What is the truth behind Keira Knightley’s portrayal of Sabina Spielrein as hysterical victim of spanking by her psychoanalyst, Carl Gustav Jung, in David Cronenberg’s recent film A Dangerous Method? Precious little, contends John Launer. In this gripping, archive-based, detective-like tale, he debunks depictions by Cronenberg and others of Spielrein, her affair with Jung, and Jung’s troubles on this account with Sigmund Freud.
Less well told is Launer’s debunking of the claim that Spielrein’s lasting importance to psychoanalysis resides in her contribution to Freud’s theory of the death instinct. Much more important, he argues, is her prefiguring of today’s sociobiological theory that evolution proceeds via the subordination of individual self-interest to the teleological aim of maximising the sexual reproductive success of one’s genes.
However, apart from being a travesty of Darwin’s non-teleological evolutionary theory of natural and sexual selection, this is a travesty of Spielrein’s contributions to psychoanalysis. They include her observations about defensive overvaluation of symbols and words – an idea adopted by Freud in his account of schizophrenia. They also include her observations about the baby’s pleasurable sucking sounds at the breast, and their articulation into speech by its mother and other carers – observations that have similarities with ideas developed by the much later psychoanalysts Donald Winnicott and Julia Kristeva, regarding the bodily based precursors of language.
Launer makes little mention of these contributions, observations and ideas. He says much more about Spielrein’s hero worship of Jung after she was briefly incarcerated in 1904, aged 19, as an inpatient at the mental hospital in Zurich where Jung worked; about her psychoanalytic treatment by and subsequent affair with Jung; her qualifying as a doctor and quitting Jung and Zurich to become one of the first female members of Freud’s psychoanalytic circle in Vienna; her marriage in 1912 to a doctor, Pavel Sheftel, in her home town, Rostov-on-Don in Russia; the birth of their daughter, Renate, in 1913; their unhappy life together in Berlin followed by Spielrein living as a lone parent (with Renate) in Zurich and corresponding with Jung during the end of the First World War.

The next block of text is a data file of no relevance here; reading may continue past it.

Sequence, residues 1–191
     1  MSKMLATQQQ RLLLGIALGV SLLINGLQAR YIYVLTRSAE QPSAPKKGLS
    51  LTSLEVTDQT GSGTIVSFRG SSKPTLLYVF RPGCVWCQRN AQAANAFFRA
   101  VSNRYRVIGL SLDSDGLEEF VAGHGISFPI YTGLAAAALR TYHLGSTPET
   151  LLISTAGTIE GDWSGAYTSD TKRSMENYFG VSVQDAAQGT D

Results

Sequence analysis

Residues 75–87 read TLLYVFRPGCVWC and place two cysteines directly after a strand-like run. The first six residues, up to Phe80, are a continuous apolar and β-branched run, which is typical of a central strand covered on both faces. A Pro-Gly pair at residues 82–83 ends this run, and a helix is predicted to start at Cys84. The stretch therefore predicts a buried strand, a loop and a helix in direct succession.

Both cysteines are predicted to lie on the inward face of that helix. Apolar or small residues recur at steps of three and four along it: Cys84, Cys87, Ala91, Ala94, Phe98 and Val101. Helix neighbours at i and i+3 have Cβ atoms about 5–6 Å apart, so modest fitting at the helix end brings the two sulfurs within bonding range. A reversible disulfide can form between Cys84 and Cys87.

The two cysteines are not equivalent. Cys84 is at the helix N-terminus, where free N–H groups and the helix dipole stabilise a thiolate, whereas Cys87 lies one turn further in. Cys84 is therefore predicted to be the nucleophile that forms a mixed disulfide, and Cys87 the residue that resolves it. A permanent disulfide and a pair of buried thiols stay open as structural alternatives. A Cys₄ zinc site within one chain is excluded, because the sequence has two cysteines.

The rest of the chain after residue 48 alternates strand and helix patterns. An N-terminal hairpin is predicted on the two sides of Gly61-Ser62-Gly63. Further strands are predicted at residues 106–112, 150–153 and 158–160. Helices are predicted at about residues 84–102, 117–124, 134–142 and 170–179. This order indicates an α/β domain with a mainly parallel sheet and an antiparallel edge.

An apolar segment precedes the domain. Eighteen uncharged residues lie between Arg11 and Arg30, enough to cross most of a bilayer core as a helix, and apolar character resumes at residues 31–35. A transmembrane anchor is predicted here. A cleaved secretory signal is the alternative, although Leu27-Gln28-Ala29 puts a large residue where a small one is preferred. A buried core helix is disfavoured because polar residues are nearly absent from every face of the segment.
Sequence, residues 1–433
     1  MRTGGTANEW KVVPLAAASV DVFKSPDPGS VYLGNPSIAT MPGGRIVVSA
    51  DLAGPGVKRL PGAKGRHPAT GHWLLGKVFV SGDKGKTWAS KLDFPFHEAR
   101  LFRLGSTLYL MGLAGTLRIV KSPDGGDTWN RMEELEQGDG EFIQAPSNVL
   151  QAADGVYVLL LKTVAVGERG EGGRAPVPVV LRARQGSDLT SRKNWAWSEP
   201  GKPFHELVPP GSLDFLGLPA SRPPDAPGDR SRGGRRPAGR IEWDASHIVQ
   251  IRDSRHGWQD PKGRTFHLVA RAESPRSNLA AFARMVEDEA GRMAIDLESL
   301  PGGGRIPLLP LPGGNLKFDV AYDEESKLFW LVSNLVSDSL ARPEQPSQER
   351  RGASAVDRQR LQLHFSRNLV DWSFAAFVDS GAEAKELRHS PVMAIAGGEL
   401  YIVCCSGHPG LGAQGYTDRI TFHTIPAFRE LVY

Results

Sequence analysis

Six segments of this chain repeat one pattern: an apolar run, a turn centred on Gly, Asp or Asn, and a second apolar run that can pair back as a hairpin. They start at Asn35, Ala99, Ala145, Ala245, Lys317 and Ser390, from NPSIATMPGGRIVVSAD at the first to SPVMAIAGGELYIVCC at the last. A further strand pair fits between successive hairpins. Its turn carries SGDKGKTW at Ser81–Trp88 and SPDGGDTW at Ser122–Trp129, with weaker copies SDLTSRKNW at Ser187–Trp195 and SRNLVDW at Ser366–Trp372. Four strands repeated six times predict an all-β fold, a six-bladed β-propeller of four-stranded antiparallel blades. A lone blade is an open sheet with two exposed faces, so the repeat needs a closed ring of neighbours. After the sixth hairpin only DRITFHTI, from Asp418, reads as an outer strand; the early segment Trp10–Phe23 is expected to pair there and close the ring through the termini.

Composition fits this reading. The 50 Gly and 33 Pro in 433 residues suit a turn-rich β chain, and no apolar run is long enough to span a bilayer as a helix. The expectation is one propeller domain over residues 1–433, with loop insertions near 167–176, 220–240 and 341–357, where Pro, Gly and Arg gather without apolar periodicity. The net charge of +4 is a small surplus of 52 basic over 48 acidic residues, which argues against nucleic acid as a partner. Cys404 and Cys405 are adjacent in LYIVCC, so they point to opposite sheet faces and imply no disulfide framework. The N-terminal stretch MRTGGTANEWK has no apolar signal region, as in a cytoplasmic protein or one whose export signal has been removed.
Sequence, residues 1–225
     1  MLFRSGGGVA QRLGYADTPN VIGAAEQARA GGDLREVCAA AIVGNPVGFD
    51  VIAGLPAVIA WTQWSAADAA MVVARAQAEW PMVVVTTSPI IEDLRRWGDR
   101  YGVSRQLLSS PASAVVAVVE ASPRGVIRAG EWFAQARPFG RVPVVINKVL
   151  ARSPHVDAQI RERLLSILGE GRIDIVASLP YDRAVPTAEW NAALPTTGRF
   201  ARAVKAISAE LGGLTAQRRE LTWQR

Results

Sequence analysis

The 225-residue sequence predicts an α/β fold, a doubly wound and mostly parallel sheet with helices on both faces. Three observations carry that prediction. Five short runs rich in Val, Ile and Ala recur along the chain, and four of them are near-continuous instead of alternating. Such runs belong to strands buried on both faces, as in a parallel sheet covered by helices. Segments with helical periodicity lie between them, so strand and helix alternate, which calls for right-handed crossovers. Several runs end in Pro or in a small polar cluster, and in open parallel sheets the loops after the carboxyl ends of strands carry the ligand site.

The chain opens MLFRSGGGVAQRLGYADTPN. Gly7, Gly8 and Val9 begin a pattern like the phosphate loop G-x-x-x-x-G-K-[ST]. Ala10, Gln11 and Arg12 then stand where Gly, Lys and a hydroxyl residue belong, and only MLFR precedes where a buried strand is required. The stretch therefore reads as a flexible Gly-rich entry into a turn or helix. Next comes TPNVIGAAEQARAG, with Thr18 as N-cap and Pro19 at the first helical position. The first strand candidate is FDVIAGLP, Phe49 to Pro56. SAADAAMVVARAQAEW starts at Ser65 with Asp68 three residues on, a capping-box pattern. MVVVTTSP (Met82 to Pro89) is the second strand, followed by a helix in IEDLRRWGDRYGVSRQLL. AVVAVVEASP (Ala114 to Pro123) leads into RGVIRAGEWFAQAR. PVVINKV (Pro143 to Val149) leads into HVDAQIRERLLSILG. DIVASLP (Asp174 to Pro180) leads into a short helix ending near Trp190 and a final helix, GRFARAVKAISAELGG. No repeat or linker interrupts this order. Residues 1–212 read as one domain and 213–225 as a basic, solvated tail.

Then, at last, Jung drops out of the picture with Spielrein’s post-war move to Geneva, where she contributed significantly to developmental psychology and her psychoanalytic patients included Jean Piaget. Nor does Jung return to Spielrein’s life following her move, in 1923, to Moscow, where she worked at its State Psychoanalytic Institute, and at its experimental school and laboratory for research into child development. Here, it seems, she may also have influenced the path-breaking emphasis by Alexander Luria and Lev Vygotsky on the interpersonal, social and linguistic basis of cognitive development.
Launer also considers the crushing of psychoanalysis in Stalinist Russia; Spielrein’s reunion with Sheftel in Rostov-on-Don; the birth of their daughter Eva in 1926; Sheftel’s death from a heart attack in 1937; and Spielrein’s poverty-stricken life working part-time as a doctor and in a nursery. Much, much worse happens after the German invasion of Russia in June 1941 with the anti-Semitic rounding up, shooting and burying of Spielrein, Renate, Eva and 13,000 other Jews in a gully outside Rostov-on-Don on 11 August 1942.
Spielrein’s ideas live on thanks to her writings, and their publication and republication by her admirers. The merit of Launer’s book resides not in his assessment of her work, but in the very readable story it tells about her involvement with Jung and Freud and about her life in Russia, Switzerland, Austria and Germany. The result is an admirable counter to her absurd portrayal by Knightley in the film with which this book begins.
Sex Versus Survival: The Life and Ideas of Sabina Spielrein
By John Launer
Duckworth Overlook, 320pp, £20.00
ISBN 9780715647417 and 49800 (e-book)
Published 20 November 2014